Maersk Training UK (MTUK) has launched its newly refurbished, state-of-the-art safety and survival centre following a £60,000 (US$83,000) investment.
The investment has allowed for the training facilities at the centre to be upgraded, thus expanding the centre’s offshore safety offering to the north east of England workforce.
The installation of a new technical workshop means the centre can deliver courses on basic safety and technical training, as well as bespoke advanced technical training. In addition, as the first training centre in the UK to be accredited by the Global Wind Organisation (GWO), the Newcastle site is uniquely placed to offer training to those involved in the Dogger Bank Wind Farm, the world’s largest offshore wind farm.
Offering all five modules of the GWO Basic Safety Training (BST) and the GWO Basic Safety Training Refresher (BSTR), MTUK has a bespoke hub rescue facility, which provides practical training for those required to access the hub and yaw sections of wind turbine generators (WTG) and how to rescue a casualty from these areas. The advanced rescue, utilising Open Water GWO Sea Survival courses, provides a realistic as possible experience for delegates.
The courses and facilities have all been developed to allow a straightforward transition between subjects to ensure that training at the centre helps to support companies in the current climate and for the future energy mix.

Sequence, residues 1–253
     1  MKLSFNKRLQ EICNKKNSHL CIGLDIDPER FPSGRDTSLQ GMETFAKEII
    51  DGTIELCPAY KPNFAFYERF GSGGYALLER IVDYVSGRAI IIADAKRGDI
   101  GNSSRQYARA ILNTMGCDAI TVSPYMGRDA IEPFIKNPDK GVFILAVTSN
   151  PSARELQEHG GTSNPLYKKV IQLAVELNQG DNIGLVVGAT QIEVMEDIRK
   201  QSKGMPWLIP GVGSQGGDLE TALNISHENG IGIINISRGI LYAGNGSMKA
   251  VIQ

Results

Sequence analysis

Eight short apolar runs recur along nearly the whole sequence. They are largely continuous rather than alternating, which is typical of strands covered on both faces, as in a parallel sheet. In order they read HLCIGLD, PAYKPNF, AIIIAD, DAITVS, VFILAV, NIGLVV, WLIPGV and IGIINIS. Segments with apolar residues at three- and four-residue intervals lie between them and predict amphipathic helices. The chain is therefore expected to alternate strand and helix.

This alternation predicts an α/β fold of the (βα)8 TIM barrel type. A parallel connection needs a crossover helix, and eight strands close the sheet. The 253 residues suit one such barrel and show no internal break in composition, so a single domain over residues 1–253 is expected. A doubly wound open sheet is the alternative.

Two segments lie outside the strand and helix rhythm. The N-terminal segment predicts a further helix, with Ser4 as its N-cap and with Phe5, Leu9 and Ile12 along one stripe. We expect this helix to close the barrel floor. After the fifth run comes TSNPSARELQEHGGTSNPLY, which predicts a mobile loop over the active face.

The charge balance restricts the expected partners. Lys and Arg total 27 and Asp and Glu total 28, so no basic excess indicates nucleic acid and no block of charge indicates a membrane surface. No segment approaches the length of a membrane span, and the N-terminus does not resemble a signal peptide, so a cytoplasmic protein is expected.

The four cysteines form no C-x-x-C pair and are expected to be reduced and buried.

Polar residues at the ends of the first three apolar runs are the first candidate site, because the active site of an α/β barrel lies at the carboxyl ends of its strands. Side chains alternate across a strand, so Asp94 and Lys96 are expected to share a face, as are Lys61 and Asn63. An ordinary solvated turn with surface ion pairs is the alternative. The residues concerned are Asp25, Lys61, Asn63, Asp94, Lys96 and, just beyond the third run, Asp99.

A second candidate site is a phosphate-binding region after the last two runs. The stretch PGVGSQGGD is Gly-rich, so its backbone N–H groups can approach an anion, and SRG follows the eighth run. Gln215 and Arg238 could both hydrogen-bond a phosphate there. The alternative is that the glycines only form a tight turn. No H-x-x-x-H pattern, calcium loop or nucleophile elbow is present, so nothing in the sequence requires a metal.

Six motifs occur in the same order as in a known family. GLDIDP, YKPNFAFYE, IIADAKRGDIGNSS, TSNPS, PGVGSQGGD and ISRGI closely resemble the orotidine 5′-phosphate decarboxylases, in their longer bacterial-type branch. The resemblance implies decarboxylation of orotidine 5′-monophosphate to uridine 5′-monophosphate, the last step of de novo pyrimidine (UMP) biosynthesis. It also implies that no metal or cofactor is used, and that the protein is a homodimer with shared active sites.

Callum Dewar, UK operations manager at MTUK, said the refurbished Newcastle site helps ensure that the company has an offering that can adapt to the needs of the ever-evolving energy sector.
Mr Dewar clarified that, although the expanded facilities will be optimised for training before eventual deployment to the Dogger Bank win farm, MTUK will continue to maintain its proficiency in providing appropriate training benefiting clients within the oil and gas sector.
MTUK has also invested in e-learning courses and has increased its digital offering. This includes the upgrade of its Training Management Service (TMS), which allows MTUK to offer a safer solution for delegate training.
“Covid-19 has seen changes across working patterns and the way people respond to technology as part of their everyday,” Mr Deward added. “The pandemic has accelerated our move into digital training, and as a result we have invested in the technology required to allow us to provide our services to companies digitally.”
In addition to the upgrade of training facilities, MTUK’s Newcastle centre also includes a new commercial kitchen, with catering provided by catering firm Entier, and office space to accommodate theory-based learning and training.
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